Watada’s case divided the Japanese American community. In 2006, JACCC hosted a gathering of his supporters, while others, including “Horse’s Mouth” columnist George Yoshinaga, were vocal in their opposition. (MARIO GERSHOM REYES/Rafu Shimpo)

After judges declared a mistrial at his first proceeding in 2007, the Army moved to retry Watada. In 2009, following the inauguration of President Barack Obama, a new administration received Watada’s retrial case. Obama’s solicitor general decided to drop the case, stating that the prosecution of Watada was unnecessary and the case had been overly politicized by the previous administration. That solicitor general, as it turned out, was Elena Kagan, now one of the few remaining liberal judges on the Supreme Court. 

The trial of Watada was also an important moment in the recent history of the Japanese American community. Community newspapers, such as The Rafu Shimpo and The North American Post, followed the events of Watada’s legal odyssey regularly. His stance divided the Japanese American community, with many elders like the late Bill Hosokawa and George “Horse” Yoshinaga condoning military punishment of Watada. Many veterans, haunted by the memories of camp and the loyalty questionnaire, refused to stand with Watada out of fear of bringing shame on the community. And the words of President Bush – “Either you are with us, or you are with the terrorists” – represented to many a frightening reminder of the rhetoric of 1942.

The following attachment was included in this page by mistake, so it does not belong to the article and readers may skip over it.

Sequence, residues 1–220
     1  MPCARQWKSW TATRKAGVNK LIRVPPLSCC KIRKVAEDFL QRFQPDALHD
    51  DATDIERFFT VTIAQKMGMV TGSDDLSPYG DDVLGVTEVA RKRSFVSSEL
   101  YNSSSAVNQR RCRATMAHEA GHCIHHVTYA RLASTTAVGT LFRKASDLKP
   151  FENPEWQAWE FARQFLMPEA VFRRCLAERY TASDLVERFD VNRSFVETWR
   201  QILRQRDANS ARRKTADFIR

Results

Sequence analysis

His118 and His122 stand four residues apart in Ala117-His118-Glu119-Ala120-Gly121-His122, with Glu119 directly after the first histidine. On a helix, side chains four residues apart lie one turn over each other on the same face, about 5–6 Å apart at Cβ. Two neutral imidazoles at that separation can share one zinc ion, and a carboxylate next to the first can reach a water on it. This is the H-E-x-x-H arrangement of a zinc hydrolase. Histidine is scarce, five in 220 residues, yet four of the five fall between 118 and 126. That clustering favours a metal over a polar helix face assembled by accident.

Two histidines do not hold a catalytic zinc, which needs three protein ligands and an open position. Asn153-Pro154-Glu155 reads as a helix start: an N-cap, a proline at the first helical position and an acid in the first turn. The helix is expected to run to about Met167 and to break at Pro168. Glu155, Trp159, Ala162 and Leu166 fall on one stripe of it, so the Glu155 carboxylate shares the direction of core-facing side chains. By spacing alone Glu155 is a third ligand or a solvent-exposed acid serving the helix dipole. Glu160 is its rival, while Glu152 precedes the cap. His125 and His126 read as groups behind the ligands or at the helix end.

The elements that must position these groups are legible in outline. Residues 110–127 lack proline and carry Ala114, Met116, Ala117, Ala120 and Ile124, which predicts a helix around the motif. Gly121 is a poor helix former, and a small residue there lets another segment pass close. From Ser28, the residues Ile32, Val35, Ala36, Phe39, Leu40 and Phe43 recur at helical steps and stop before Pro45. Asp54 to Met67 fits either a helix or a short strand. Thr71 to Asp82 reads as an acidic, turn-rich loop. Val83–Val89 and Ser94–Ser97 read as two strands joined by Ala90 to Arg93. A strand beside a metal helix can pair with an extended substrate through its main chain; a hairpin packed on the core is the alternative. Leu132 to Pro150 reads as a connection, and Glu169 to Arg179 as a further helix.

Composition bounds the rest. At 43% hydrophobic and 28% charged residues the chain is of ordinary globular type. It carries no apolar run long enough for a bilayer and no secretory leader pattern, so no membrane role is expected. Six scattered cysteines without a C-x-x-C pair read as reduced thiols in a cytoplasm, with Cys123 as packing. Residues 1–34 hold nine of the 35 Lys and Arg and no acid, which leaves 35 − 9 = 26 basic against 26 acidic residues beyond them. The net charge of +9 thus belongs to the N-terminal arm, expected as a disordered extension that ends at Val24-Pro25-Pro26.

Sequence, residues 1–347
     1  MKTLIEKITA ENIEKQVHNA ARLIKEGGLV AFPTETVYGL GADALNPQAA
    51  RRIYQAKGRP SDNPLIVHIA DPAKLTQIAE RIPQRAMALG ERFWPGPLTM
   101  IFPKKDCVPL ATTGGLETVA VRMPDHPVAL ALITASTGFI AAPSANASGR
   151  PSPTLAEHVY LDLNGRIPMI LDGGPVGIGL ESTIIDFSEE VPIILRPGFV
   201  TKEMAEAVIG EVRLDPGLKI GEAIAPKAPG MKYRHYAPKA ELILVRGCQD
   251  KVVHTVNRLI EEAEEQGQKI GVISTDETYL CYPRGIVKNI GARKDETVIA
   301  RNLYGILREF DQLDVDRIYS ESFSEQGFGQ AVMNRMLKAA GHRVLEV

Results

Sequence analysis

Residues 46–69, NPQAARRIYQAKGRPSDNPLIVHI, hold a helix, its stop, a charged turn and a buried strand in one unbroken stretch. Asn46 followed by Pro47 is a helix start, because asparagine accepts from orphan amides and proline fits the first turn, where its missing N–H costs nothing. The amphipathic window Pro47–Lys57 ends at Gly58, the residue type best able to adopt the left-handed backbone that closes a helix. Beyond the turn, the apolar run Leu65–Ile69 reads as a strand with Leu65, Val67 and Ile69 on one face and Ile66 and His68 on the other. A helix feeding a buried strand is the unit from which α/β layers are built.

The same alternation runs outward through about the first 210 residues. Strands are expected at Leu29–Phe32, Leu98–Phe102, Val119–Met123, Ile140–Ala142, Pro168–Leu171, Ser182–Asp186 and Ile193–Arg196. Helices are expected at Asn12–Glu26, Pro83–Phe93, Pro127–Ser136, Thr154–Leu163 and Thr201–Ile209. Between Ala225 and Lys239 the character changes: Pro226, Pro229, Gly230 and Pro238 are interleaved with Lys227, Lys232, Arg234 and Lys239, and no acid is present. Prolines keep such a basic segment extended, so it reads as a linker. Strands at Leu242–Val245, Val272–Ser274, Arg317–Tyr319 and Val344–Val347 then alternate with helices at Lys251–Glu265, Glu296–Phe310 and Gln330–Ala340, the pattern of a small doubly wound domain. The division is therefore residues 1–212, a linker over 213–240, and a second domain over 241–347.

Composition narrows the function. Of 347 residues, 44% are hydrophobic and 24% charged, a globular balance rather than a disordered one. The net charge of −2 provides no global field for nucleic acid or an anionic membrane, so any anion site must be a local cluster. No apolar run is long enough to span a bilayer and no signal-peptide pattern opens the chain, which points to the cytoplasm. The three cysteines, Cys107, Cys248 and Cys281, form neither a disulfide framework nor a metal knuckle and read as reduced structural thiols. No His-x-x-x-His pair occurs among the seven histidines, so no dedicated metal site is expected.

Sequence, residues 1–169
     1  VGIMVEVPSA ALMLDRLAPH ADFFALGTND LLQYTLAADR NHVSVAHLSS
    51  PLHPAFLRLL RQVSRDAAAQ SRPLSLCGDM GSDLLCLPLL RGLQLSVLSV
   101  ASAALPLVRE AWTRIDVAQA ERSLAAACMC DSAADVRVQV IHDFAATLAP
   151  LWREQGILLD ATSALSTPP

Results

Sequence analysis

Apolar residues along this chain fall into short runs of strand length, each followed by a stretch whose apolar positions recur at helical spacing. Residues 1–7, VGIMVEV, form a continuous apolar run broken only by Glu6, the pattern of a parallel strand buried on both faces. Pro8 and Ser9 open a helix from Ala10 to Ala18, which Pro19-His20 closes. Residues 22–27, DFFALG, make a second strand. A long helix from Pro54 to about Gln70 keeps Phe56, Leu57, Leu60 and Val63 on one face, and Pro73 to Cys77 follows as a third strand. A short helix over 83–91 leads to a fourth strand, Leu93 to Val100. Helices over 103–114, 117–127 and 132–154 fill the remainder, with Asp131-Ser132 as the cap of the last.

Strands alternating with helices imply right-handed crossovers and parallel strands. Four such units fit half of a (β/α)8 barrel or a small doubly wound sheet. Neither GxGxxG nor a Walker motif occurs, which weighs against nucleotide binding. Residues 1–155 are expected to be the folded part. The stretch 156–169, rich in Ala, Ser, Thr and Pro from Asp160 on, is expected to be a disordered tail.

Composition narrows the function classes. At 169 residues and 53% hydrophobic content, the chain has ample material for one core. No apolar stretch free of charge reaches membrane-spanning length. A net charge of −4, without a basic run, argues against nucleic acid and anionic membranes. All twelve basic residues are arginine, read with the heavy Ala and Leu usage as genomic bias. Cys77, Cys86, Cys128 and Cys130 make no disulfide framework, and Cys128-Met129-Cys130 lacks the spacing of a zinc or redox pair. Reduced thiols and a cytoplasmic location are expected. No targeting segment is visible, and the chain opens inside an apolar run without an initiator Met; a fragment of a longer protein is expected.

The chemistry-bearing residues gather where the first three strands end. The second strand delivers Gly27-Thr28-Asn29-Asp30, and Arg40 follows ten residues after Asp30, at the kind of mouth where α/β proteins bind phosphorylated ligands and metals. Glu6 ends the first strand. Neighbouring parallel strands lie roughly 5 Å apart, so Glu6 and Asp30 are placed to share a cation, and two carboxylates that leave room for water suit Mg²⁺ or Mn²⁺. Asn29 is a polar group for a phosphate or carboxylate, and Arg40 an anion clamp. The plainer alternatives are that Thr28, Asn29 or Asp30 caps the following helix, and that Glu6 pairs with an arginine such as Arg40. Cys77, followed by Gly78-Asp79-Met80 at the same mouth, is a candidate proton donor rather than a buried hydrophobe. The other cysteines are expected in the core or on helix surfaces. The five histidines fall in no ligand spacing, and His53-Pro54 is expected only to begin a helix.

On the opposite side, a number of activists took up Watada’s defense. Playwright/activist Frank Chin arranged a telephone meeting between Watada in Seattle and Heart Mountain draft resisters Frank Emi and Yosh Kuromiya and MIS veteran Paul Tsuneishi in Los Angeles. With the help of Frank Abe, Watada was filmed by Lucy Ostrander and Don Sellers at the home of professors Stephen Sumida and Gail Nomura in Seattle, with filmmaker Curtis Choy capturing the other end of the call in Los Angeles, editing the video, and posting it to YouTube. Legal scholars like University of Hawaii law professor Eric Yamamoto praised Watada’s defiance of the Iraq War, and similarly drew comparisons between Watada and the Nisei draft resisters of 60 years before. 442nd veteran and chaplain George Aki applauded Watada’s stance as “asserting a higher loyalty than to patriotism.”

The world of 2021 seems almost foreign to the world of 2001, let alone 2006. The weakening of civil liberties under the Bush Administration, the collapse of the economy in 2008, and the rise of white supremacy during Trump’s presidency remind us the 21st century has been anything but tranquil. In our present moment, it seems that recalling Watada’s story is now more needed than before. Regardless of where one stands on the legality of the Iraq war and Watada’s decision not to join his unit, nobody can deny that Watada demonstrated great courage. Anchoring our actions in a higher moral conviction, as Watada did 15 years ago, will help lead us to a better future. 


Jonathan van Harmelen is a Ph.D. student in history at UC Santa Cruz. A specialist in the history of Japanese Americans, including their relationship with the Catholic Church, he is a regular columnist for Discover Nikkei. He can be reached at jvanharm@ucsc.edu.